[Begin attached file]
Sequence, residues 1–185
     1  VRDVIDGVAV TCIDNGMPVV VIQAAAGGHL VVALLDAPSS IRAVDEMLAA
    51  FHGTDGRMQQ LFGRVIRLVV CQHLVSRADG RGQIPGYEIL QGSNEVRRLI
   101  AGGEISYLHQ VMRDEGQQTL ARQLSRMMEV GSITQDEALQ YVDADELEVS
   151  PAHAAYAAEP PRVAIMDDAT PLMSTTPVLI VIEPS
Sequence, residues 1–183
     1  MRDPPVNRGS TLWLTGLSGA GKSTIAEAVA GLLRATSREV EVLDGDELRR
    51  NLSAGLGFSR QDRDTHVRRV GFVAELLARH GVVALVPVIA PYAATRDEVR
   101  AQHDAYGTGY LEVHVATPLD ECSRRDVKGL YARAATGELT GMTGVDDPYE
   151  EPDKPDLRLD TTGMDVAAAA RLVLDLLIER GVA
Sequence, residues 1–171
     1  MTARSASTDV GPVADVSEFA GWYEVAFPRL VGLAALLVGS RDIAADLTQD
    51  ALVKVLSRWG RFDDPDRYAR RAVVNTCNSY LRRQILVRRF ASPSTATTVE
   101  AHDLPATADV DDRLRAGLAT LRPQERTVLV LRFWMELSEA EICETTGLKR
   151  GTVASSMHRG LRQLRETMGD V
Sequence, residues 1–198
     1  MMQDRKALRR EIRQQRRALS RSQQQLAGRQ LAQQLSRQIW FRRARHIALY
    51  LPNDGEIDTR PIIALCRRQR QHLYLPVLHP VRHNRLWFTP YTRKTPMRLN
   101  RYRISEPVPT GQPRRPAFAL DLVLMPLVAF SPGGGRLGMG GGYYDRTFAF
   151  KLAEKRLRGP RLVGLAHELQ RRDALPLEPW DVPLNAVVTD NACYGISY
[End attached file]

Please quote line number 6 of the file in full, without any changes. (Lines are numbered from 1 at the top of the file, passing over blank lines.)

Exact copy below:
Sequence, residues 1–183